We dated a few more times. I got to meet his friends and have some wild (and I do mean wild) adventures. He rolled out the red carpet for me and we had a lot of fun. He made that young chapter of my life so exciting. At the end of our time together we realized that we were going in different directions as people and we decided to become friends. In reality, we drifted apart fast.

A year or so later we would circle back. One Saturday night, we ran into one another at a party in the East Village and spent a good hour catching up. We had both become sober and realized we were running in the same gay circles. He looked radiant and healthy and still had that smile and a wonderful sense of humor. He was so happy to know that I had become sober.

We talked about life that night and about God. He told me that when he got stressed out he would use his “God Box” -a literal box where he would write down a problem on paper and then slip the paper into the box. He explained that the minute he put it into that box the problem now belonged to God. God would take care of it for him. It was his way of deepening his humility, patience, and faith in something greater than himself. I loved that and to this day still think about his God Box.

We also spoke on the day JFK Jr’s plane crashed into the Atlantic. I was working as a marketing assistant for a large corporation, and we had a product scheduled to be televised and discussed on a major morning talk show, but it had been sidelined to cover the tragedy. I remember being really stressed by that. It had created major problems for my marketing team. At the time, I was living in Chelsea and having some tea at The Big Cup when Denis called.

“Can you believe they’re gone?!” he asked me when I answered.

It was awful, but I was too consumed with my own problems. I started going on about how it messed up this big project I was working on and how stressed out I was. I remember him calming me down and gently telling me to take a couple of deep breaths and just remember that I was alive. “Life can change in an instant,” is what he said and for me to focus on the blessings.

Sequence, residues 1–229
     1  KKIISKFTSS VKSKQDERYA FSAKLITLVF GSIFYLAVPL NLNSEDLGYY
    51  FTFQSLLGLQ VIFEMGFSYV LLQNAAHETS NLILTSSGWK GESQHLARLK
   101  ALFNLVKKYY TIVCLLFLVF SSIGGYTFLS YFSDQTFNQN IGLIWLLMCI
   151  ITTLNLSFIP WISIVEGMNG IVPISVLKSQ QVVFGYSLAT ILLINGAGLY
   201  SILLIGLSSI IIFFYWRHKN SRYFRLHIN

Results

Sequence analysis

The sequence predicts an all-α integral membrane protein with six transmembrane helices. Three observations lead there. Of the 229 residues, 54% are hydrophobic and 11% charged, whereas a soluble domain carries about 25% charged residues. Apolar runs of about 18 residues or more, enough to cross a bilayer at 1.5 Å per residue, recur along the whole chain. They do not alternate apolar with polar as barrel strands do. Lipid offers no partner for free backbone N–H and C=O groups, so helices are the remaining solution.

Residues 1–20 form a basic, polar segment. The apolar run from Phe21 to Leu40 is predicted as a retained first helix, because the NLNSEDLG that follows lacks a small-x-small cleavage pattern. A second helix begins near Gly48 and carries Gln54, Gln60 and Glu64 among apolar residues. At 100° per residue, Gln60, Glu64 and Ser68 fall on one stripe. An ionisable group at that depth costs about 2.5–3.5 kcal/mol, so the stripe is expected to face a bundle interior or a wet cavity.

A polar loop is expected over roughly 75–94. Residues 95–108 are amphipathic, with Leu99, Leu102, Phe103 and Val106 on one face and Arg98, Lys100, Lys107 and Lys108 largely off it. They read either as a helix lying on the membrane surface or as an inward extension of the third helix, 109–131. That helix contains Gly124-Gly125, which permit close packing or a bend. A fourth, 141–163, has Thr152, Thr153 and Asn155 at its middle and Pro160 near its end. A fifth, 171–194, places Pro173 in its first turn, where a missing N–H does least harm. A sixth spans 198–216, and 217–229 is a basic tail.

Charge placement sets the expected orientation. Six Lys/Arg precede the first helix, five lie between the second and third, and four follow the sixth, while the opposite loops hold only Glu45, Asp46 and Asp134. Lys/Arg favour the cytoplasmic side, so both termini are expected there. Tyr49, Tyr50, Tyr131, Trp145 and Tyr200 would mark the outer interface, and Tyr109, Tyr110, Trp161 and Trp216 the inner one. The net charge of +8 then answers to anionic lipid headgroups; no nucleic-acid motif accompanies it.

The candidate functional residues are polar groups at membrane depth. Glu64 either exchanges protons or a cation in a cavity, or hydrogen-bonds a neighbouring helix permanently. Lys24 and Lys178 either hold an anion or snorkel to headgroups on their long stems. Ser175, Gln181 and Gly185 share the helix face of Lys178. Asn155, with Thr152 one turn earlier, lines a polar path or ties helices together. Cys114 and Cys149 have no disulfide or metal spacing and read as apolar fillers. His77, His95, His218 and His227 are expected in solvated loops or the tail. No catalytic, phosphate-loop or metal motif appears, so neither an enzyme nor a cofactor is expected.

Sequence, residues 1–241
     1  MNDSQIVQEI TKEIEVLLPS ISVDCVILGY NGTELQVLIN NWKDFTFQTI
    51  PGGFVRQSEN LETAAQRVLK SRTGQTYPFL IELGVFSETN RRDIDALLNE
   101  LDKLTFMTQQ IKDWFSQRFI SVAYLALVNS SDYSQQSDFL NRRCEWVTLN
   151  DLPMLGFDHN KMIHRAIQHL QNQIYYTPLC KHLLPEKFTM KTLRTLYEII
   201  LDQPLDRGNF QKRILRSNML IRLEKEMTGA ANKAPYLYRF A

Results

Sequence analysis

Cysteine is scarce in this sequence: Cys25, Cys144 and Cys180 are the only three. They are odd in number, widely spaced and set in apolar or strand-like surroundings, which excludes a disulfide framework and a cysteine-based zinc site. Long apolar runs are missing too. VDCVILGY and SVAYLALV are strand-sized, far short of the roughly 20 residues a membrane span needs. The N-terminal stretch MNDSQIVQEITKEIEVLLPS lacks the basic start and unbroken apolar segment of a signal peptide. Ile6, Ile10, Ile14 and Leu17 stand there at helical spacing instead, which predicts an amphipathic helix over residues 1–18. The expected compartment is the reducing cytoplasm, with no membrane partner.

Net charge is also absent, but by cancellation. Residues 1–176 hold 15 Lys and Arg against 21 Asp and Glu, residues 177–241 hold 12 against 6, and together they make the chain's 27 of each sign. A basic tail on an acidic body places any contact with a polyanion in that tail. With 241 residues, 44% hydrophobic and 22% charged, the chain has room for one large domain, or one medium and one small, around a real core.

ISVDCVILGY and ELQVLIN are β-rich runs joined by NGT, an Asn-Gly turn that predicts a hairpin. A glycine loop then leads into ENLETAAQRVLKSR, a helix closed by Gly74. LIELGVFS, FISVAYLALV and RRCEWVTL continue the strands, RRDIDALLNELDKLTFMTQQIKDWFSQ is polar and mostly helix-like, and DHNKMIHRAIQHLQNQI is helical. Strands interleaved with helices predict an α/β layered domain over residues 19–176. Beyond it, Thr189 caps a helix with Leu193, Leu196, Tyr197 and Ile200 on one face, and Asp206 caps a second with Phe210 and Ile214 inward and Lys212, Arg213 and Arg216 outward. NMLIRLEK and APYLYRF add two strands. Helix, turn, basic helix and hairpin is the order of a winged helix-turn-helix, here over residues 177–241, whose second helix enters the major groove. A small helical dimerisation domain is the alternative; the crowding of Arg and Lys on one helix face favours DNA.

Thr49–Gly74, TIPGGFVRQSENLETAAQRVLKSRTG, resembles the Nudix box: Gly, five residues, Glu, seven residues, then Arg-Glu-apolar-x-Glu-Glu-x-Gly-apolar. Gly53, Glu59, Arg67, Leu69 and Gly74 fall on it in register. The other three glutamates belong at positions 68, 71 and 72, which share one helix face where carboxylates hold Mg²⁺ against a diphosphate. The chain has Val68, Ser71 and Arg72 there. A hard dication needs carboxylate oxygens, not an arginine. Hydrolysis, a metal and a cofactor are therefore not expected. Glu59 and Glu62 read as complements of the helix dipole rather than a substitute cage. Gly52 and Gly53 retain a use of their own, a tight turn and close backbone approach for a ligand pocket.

Over the next two years, we’d run into one another at various events with mutual friends. Sometimes we’d flirt with one another only to realize one of us was dating someone and unavailable. Still, we had this thing where we’d ask one another, “Are you doing OK?” and we’d both answer with our eyes.

Denis was one of those people that made me rise higher. I wanted him to see me at my best because his energy was so positive. He inspired me and I loved running into him. We’d always have a good laugh and promised to call each other and make a date for dinner or lunch and have a proper catch-up as friends.

We never got there.




After 9/11, in October, I would find myself with other friends attending his memorial service at Saint Patrick’s Cathedral. I remember telling his mother how sorry I was and that Denis was truly a wonderful person. Afterward, I went to a diner with Denis’s boyfriend and some other mutual friends. That diner is where we would celebrate and share the Denis we knew, the one that wasn’t talked about at the Memorial.

While I respect his biological family's way of wanting to remember him, I now realize I have a right to also share how I remember him. Denis was gay and he was incredible and had a full life as a gay man and that matters too.

It’s been twenty years since life changed in an instant and my memories are becoming fuzzy around the edges, time is layering over time. Denis was a person in my life who deserves to be remembered. He played a brief role, but it was one that has had a lasting impact on me. He was a good human, soulful and he deserves to be remembered in all his various ways.

One more thing: I don’t believe in coincidences. In the weeks after 9/11, after we had exhausted ourselves looking for Denis, and finally accepted that he was truly gone, I inadvertently met my future husband, Glenn. It was during that short time in September when all of New York City had opened up, and people who had once been so guarded and hard suddenly became kind and vulnerable. It was a rare, magical window of amazing energy.

When I met Glenn I couldn’t help but feel Denis’s spirit all around me. It was like he had arranged the whole thing. It’s hard to describe, but I could hear him telling me, “Jeffrey, I went to a lot of work to make this happen. Get this right, this is the guy for you. He’ll make you really happy.”

Twenty years later we’re still together and I have this belief, deep in the marrow of my soul, that Denis had something to do with it because that’s the kind of person he was.

I had a friend named Denis, Denis J. McHugh III, who died twenty years ago in the attacks on September 11, 2001. He was gay, we dated and then later became friends and it’s important for you to know that because it’s how I and many other gay men knew him. He was an incredible person who mattered to me, still does.

Jeffrey Guard is the Editor for OUTSpoken, a community-driven blog produced by The LOFT LGBTQ+ Community Center. Jeffrey is also the Media and Marketing Specialist for The LOFT.